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Chemical Weapons

Volume 410: debated on Friday 19 September 2003

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:To ask the Secretary of State for Foreign and Commonwealth Affairs what discussions have taken place with (a) the Russian Government and (b) governments of the Baltic states regarding the clean up of dumped chemical weapons, in the sea after the Second World War. [129097]

The UK disposed of captured German chemical munitions in the Skagerrak immediately after World War II. We did not dump or dispose of captured German chemical weapons in the Baltic.This issue was first raised by Russia in a NATO context in 1997. They also raised the matter directly with the UK around the same time and subsequently raised it with the EU in 1998.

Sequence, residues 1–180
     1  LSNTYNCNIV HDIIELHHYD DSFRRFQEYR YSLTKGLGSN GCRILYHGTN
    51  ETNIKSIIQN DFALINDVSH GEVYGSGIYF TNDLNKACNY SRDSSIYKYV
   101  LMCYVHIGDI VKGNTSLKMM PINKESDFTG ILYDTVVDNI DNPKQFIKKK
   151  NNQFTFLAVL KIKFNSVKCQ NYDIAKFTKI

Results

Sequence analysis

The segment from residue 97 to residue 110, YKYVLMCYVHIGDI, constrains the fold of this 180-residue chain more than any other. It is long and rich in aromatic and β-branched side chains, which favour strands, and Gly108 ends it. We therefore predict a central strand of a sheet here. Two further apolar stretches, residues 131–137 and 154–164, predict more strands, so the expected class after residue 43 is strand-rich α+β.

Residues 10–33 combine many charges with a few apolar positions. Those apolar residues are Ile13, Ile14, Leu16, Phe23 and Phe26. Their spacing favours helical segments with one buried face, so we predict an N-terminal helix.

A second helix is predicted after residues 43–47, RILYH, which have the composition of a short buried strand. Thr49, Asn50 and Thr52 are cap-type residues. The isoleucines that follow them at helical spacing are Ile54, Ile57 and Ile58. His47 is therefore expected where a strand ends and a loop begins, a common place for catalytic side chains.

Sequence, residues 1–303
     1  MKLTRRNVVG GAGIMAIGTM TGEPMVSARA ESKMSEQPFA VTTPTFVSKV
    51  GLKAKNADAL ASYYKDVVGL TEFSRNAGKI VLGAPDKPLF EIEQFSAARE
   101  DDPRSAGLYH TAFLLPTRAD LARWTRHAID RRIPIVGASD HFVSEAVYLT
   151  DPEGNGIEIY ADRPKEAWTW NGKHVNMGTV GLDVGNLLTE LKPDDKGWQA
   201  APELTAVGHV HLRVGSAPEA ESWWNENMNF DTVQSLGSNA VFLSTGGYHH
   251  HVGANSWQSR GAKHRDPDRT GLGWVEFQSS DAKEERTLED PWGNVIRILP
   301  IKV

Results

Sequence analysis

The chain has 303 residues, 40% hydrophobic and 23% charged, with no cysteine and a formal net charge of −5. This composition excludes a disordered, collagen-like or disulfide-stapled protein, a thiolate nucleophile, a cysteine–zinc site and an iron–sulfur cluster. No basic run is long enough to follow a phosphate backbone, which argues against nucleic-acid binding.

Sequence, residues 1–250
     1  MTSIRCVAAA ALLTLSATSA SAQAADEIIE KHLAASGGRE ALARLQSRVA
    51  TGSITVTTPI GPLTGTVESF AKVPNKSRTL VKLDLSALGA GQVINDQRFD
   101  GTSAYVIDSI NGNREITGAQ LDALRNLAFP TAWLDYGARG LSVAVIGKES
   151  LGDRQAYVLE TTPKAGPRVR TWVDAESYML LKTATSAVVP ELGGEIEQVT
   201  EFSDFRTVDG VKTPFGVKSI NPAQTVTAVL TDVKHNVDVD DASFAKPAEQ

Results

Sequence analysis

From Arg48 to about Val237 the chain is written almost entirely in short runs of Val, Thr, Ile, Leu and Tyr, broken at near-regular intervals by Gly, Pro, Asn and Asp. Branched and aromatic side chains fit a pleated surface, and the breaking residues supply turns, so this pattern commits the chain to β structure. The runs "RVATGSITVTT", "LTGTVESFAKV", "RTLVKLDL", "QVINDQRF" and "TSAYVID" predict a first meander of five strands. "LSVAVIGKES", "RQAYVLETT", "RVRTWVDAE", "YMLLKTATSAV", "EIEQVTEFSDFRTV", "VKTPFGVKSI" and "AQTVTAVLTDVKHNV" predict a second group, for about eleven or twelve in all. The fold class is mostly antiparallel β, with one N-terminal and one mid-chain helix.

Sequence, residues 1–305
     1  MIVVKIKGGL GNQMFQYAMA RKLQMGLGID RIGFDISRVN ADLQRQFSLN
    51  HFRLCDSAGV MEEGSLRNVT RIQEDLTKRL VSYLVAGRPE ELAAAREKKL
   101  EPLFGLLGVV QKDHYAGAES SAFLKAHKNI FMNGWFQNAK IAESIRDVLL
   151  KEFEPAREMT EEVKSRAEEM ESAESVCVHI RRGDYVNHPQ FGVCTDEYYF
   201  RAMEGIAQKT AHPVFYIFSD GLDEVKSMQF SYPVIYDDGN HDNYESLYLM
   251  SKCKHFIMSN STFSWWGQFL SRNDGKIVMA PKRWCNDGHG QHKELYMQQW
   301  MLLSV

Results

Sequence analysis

The issue was also investigated by the Helsinki Commission, an international maritime forum, in the early 1990s. At that time there was no evidence of any increased levels of toxicity in the seas in that area.

The NATO Political Committee rejected proposals for a joint NATO-Russia environmental expedition, stating that any future expeditions should be conducted through, or as part of, the Helsinki Convention.

Although there is no suggestion that this would be an acceptable method for disposing of chemical weapons stocks today, the UK believes that any attempt to raise or salvage the munitions could create a far greater environmental hazard.